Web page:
Wednesday, November 10, 2010

Rhetoric, in global politics and in Paradise Lost

"Part of the problem is that as countries go their own way, they are each arguing that they are acting for the greater global good." (From the NYT, "Challenges Await U.S. at Group of 20 Meeting")
Isn't that what we always do? We need to claim we are doing the right thing to draw others to our cause; we need to claim to be doing the right thing even to fully believe in our own cause. Justification is the foundation for any rhetoric, isn't it? Today in my English class, we were looking at the first book of Milton's Paradise Lost, in which Satan is rallying the fallen angels to "awake, arise" from the burning lake, and he announces his purpose to never do any good, only evil. My professor pointed out that in using the pre-established language--English, in Milton's poem--Satan can't help undermining his own argument. The language reflects the position (the reality) that God is good and Satan is choosing evil instead. Satan would be more insidious if he camouflaged his goals. Deceptive idealism is more potent than honest evil, methinks.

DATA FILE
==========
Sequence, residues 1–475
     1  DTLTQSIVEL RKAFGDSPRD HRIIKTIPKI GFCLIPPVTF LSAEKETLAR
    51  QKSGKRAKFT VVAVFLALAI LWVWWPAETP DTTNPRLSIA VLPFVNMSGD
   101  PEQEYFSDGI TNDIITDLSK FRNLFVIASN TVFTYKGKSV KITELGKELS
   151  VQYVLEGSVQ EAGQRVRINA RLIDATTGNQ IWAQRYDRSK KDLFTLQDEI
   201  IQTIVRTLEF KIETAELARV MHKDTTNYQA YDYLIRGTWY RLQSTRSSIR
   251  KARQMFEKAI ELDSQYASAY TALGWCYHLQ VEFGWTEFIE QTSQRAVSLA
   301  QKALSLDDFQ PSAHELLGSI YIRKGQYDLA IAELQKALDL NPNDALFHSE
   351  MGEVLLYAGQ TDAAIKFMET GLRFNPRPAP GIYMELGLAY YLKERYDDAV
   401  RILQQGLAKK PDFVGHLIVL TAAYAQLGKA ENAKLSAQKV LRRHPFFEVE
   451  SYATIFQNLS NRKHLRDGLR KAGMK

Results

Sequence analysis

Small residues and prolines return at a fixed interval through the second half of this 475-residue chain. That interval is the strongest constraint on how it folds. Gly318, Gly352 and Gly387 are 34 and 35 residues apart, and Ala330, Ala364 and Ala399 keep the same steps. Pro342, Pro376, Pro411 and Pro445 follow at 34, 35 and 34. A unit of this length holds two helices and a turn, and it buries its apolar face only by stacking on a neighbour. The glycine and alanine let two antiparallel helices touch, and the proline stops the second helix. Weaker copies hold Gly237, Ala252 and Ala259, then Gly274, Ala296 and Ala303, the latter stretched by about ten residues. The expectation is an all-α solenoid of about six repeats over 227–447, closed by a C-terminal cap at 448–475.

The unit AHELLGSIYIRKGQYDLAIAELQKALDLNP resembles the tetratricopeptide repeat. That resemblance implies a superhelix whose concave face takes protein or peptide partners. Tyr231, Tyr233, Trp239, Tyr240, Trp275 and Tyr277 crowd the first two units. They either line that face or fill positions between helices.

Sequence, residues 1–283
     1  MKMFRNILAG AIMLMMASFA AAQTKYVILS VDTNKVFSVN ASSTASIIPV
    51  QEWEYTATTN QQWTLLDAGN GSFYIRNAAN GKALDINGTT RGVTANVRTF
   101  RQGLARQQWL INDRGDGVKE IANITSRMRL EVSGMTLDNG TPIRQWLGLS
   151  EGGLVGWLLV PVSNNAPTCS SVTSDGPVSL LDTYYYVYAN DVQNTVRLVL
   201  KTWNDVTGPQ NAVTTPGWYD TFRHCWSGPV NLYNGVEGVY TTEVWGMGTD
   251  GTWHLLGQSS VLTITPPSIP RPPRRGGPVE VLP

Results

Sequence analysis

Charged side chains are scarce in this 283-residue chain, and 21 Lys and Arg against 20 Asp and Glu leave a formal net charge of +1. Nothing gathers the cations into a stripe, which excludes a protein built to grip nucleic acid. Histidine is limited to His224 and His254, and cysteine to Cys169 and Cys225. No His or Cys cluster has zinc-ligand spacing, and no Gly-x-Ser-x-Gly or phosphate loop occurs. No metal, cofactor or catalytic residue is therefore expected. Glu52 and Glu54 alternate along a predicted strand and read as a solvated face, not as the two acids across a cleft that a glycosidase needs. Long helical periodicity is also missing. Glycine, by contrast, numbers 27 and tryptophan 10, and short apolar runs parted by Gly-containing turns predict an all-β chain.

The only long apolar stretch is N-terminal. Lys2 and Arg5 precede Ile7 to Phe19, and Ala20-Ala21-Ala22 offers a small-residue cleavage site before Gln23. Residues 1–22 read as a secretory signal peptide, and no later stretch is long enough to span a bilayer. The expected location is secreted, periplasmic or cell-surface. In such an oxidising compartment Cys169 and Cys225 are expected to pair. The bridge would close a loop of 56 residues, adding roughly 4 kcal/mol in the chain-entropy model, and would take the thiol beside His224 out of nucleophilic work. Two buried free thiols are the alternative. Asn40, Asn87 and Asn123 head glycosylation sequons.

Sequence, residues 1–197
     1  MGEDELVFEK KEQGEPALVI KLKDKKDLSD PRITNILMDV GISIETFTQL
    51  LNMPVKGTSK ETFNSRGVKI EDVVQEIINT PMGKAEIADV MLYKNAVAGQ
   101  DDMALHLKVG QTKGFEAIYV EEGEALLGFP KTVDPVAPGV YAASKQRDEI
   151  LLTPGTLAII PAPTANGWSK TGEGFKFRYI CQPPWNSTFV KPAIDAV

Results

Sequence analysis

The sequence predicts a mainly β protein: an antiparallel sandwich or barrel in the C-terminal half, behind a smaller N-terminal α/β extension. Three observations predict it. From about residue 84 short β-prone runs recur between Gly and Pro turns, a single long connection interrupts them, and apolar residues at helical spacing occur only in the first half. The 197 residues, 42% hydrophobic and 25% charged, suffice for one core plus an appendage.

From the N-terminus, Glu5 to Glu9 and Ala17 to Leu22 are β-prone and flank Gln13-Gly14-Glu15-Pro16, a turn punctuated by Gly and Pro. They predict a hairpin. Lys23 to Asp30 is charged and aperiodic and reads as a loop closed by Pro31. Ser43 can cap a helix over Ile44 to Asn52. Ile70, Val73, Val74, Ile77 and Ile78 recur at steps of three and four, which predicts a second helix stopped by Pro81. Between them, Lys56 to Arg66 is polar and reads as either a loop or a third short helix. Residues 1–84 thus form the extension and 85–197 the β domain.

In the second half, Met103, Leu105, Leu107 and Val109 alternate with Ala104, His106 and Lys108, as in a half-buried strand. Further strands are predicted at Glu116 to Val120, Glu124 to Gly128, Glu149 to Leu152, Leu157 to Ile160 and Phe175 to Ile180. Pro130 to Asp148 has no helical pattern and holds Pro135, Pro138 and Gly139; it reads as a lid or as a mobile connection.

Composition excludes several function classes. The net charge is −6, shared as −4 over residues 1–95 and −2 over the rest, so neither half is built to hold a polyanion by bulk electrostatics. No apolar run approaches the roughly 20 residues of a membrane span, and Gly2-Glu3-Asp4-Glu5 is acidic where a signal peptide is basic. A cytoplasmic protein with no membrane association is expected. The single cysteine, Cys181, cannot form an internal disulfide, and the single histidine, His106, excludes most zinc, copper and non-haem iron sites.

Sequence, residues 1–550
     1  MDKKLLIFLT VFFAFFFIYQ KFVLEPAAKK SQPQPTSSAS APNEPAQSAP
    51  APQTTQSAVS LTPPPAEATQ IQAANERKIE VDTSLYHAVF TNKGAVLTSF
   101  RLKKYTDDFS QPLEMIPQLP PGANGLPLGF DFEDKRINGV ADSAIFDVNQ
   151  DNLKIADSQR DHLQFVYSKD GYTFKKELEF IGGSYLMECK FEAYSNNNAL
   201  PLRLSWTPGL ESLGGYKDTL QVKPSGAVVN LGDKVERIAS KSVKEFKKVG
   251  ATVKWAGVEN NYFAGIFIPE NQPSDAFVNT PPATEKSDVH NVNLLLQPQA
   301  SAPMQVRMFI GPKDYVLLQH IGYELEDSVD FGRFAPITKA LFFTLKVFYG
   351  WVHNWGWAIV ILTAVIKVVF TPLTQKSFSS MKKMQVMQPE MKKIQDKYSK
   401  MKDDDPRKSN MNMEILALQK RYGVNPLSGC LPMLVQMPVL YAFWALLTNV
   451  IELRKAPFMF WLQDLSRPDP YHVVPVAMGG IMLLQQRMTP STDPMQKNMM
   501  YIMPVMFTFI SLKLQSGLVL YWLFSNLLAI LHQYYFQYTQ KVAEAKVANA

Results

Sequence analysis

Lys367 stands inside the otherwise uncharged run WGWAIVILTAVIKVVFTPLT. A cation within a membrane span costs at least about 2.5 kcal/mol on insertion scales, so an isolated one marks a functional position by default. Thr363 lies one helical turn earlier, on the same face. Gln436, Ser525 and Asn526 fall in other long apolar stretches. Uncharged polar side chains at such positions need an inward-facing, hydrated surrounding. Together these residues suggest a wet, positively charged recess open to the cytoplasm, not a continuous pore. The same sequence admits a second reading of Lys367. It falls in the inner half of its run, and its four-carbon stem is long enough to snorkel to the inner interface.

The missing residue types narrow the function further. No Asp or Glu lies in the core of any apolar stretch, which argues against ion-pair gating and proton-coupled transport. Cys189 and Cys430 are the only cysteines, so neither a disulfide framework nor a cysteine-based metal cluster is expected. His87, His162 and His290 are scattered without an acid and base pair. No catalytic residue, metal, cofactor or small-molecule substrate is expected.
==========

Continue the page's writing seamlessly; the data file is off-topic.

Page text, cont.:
There's another issue with Satan's rhetoric, too. Satan says he is choosing to be always "contrary." This undermines his authority: if your identity and decisions rest on doing the opposite of what the other side does, then you are effectively still passive. This is an idea I've thought about quite a bit on my own, so it was great to hear it articulated by a professor in connection with literature! (I believe I've made the point before on this blog, with regard to stereotypes. If I refuse to do something purely on the grounds that it fulfills a stereotype about women, then I am still being controlled by sexism.)

Aaaand I have to go back to working on my thesis and reading the newspaper and buying groceries so I will conclude this rambling commentary.

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